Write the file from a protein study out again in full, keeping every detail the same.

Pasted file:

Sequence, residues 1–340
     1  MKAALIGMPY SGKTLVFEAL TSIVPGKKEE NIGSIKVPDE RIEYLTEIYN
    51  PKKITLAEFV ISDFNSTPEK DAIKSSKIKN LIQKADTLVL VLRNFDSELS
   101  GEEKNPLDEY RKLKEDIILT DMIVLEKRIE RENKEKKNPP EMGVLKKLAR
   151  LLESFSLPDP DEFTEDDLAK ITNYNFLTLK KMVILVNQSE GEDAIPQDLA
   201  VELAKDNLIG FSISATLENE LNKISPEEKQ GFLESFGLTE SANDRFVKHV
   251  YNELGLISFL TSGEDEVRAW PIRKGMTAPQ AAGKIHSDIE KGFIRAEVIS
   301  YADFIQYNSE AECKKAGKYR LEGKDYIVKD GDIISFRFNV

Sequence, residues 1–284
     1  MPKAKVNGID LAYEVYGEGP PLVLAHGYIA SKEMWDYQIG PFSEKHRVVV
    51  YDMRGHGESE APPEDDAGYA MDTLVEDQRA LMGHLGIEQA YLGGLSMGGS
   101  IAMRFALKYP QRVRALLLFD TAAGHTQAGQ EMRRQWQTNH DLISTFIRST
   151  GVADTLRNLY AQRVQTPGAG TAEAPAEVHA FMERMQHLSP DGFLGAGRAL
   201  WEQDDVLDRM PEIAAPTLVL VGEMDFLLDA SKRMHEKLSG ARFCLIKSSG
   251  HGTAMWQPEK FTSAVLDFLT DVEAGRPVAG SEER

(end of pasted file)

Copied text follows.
Sequence, residues 1–340
     1  MKAALIGMPY SGKTLVFEAL TSIVPGKKEE NIGSIKVPDE RIEYLTEIYN
    51  PKKITLAEFV ISDFNSTPEK DAIKSSKIKN LIQKADTLVL VLRNFDSELS
   101  GEEKNPLDEY RKLKEDIILT DMIVLEKRIE RENKEKKNPP EMGVLKKLAR
   151  LLESFSLPDP DEFTEDDLAK ITNYNFLTLK KMVILVNQSE GEDAIPQDLA
   201  VELAKDNLIG FSISATLENE LNKISPEEKQ GFLESFGLTE SANDRFVKHV
   251  YNELGLISFL TSGEDEVRAW PIRKGMTAPQ AAGKIHSDIE KGFIRAEVIS
   301  YADFIQYNSE AECKKAGKYR LEGKDYIVKD GDIISFRFNV

Sequence, residues 1–284
     1  MPKAKVNGID LAYEVYGEGP PLVLAHGYIA SKEMWDYQIG PFSEKHRVVV
    51  YDMRGHGESE APPEDDAGYA MDTLVEDQRA LMGHLGIEQA YLGGLSMGGS
   101  IAMRFALKYP QRVRALLLFD TAAGHTQAGQ EMRRQWQTNH DLISTFIRST
   151  GVADTLRNLY AQRVQTPGAG TAEAPAEVHA FMERMQHLSP DGFLGAGRAL
   201  WEQDDVLDRM PEIAAPTLVL VGEMDFLLDA SKRMHEKLSG ARFCLIKSSG
   251  HGTAMWQPEK FTSAVLDFLT DVEAGRPVAG SEER